Structural Techniques for Argument Mining
Argument mining — the generalised, automated recognition of the structure of human reasoning expressed linguistically — is an enormously challenging task. The large and active philosophical research field of argumentation theory demonstrates the breadth of the issues that are apposite.
Our work in this area aims to combine a range of approaches, looking at the kinds of features common in natural language that enable the audience to understand the points being made and the relations between them. These methods cover linguistic features, changes in the topic being discussed and the identification of argumentation schemes, patterns of human reasoning which have been detailed extensively in philosophy and psychology. We have demonstrated that the structure of such schemes can provide rich information to the task of automatically identify complex argumentative structures in natural language text. By training a range of classifiers to identify the individual proposition types which occur in these schemes, it is possible not only to determine where a scheme is being used, but also the roles played by its component parts.
Whilst these methods focus mainly on the logical structure, this can be strengthened by also working with the rich and extensive domain of rhetorical figures. It seems likely that at least some rhetorical figures can be easily recognised automatically. If the occurrence of rhetorical figures can be correlated with some aspects of argument structure, then a new and potentially extremely powerful set of techniques can be brought on stream for substantially improving the performance of argument mining techniques.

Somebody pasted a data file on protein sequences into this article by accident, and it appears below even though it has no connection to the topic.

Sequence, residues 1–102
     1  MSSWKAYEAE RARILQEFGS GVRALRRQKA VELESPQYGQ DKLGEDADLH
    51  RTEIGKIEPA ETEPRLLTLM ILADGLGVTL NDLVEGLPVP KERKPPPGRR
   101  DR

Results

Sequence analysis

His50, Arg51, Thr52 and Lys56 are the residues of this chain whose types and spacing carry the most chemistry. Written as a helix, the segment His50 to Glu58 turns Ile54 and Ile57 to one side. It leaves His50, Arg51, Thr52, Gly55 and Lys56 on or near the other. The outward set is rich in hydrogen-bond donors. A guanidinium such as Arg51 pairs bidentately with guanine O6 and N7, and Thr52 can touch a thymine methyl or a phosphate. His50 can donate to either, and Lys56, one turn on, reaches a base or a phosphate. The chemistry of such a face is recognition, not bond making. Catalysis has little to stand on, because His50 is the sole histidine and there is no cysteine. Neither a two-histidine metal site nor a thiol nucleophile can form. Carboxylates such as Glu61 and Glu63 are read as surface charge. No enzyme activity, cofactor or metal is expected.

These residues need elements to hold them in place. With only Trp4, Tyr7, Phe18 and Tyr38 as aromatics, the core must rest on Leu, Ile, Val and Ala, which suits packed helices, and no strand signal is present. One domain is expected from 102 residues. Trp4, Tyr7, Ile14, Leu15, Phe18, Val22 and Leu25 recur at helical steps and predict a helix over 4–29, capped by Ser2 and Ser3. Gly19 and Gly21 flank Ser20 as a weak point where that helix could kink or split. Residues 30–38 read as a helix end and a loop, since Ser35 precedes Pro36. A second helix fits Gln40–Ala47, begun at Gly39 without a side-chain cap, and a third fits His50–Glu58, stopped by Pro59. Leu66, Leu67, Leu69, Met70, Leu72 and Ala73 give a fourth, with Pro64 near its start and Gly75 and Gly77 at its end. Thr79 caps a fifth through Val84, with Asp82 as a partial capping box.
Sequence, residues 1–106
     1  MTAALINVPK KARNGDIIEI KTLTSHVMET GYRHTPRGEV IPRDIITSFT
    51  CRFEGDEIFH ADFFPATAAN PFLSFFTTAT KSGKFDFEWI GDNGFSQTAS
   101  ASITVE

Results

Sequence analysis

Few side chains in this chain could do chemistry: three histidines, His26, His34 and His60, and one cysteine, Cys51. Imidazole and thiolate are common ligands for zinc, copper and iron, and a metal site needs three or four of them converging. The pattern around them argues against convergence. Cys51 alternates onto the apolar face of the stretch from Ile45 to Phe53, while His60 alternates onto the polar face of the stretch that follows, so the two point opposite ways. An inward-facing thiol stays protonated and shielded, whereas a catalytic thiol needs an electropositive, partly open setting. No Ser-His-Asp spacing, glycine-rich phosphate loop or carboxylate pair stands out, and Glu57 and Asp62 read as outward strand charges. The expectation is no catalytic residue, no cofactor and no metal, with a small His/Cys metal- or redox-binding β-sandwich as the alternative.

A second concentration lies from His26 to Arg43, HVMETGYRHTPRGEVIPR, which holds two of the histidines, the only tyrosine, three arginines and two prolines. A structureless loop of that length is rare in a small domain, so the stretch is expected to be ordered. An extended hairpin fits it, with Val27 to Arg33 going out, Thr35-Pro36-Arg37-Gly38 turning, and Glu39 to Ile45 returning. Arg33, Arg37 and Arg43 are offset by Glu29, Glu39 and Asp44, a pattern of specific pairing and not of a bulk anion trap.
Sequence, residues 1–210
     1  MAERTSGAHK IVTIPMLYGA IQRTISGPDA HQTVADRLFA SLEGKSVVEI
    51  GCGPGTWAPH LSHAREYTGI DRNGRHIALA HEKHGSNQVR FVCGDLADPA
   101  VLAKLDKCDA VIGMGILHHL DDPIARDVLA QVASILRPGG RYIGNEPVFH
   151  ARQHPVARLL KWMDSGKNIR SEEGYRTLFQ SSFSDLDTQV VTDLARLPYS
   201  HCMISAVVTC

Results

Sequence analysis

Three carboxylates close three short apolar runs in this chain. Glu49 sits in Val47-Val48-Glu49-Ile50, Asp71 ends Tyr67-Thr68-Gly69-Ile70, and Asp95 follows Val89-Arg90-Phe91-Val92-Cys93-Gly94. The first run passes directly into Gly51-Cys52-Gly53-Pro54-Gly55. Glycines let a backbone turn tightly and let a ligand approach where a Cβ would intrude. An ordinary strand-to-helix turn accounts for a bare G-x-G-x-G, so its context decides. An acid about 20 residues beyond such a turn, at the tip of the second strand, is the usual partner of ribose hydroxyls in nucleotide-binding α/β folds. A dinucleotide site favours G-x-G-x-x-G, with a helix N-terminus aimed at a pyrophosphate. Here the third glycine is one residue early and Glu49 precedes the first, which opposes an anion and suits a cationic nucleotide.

We have, so far, focused on a small set of rhetorical figures that can be easily identified, compared instances of these figures with pre-annotated argument structures, and determined that in many cases connections can be found. Although this work is still at an early stage, requiring expansions of both the datasets used for comparison and the figures considered, it is a promising early sign that any one of the types of rhetorical figure could be interestingly challenging to identify and highly correlated with some aspect of argumentative structure. With over 700 to choose from, we could be at the outset of an extremely rich seam for argument mining.